It looks like we will get to keep our Dallas flights this fall. That is some welcome news.
Earlier this month, American Airlines announced plans to temporarily suspend Joplin flights to Dallas-Fort Worth from Oct. 7 to Nov. 3. The airline, which also announced 14 other cities that would be affected, blamed low demand during the coronavirus pandemic.
Manager of the Joplin Regional Airport Steve Stockam told us previously that the airport depends heavily on business travelers rather than leisure travelers — "We have actually hung our hat on being a strong business market,” he said — and we have been hurt because business travel is nearly nonexistent right now.
You can't really fault businesses or the airlines, which are losing billions of dollars nationwide.
And although it was touted as temporary, it was worrisome, particularly because American in April suspended indefinitely the two Chicago flights at Joplin Regional Airport. In other words, Joplin would have been without branded air service.
But now, Stockam said, our designation as an Essential Air Service city should protect us from the temporary suspension.
American does not receive an EAS subsidy for its Joplin flights, but protections from that federal program are still in place, Stockam told the Globe, which means we get to keep the flights. He also said Friday that flights are now relisted, and tickets for them are being sold on the American Airlines website after having been taken off.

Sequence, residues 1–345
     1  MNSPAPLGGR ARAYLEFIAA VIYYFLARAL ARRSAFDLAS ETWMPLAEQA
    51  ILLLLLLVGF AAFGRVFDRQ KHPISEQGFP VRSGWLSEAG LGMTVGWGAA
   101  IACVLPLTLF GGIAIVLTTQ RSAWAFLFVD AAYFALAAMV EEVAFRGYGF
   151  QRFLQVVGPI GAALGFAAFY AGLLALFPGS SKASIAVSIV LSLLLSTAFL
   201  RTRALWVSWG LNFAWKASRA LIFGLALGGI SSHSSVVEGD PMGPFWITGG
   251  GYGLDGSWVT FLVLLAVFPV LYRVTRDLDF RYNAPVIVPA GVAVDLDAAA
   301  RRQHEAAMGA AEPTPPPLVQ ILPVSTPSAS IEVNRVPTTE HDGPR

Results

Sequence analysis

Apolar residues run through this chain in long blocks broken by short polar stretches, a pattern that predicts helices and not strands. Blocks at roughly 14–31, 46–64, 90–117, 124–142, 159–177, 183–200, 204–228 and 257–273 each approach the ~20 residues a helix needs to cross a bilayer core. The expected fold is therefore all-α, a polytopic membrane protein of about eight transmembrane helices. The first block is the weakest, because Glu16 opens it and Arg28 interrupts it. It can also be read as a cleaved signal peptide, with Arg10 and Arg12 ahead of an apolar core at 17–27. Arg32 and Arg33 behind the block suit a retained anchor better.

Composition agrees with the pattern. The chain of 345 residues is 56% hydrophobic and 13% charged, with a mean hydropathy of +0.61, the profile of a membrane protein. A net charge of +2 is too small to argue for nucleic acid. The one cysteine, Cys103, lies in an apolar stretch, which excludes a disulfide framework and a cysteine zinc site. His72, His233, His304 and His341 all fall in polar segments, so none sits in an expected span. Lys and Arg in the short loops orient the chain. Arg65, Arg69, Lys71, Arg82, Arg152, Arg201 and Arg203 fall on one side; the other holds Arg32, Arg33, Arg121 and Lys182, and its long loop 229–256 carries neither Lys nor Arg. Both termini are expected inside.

We're grateful for the break.
Our Chicago numbers were strong, and the number of flights had been growing every month, having hit records in January and February — just before the pandemic reached the United States. We hope once things abate we'll be able to get those flights back.
American kept the Dallas connection for Joplin this spring, but the number of flights fluctuated, dropping from three to at one point one per day in May and June before returning to three again. Currently, there are two flights per day, and they are in larger airplanes, which means there are actually more seats available now.
We must take our victories where and when we can get them, but ultimately, the future of commercial air service for Joplin depends on our willingness to use it.
This pandemic will pass, and when it does, we encourage everyone to use Joplin airport when flying.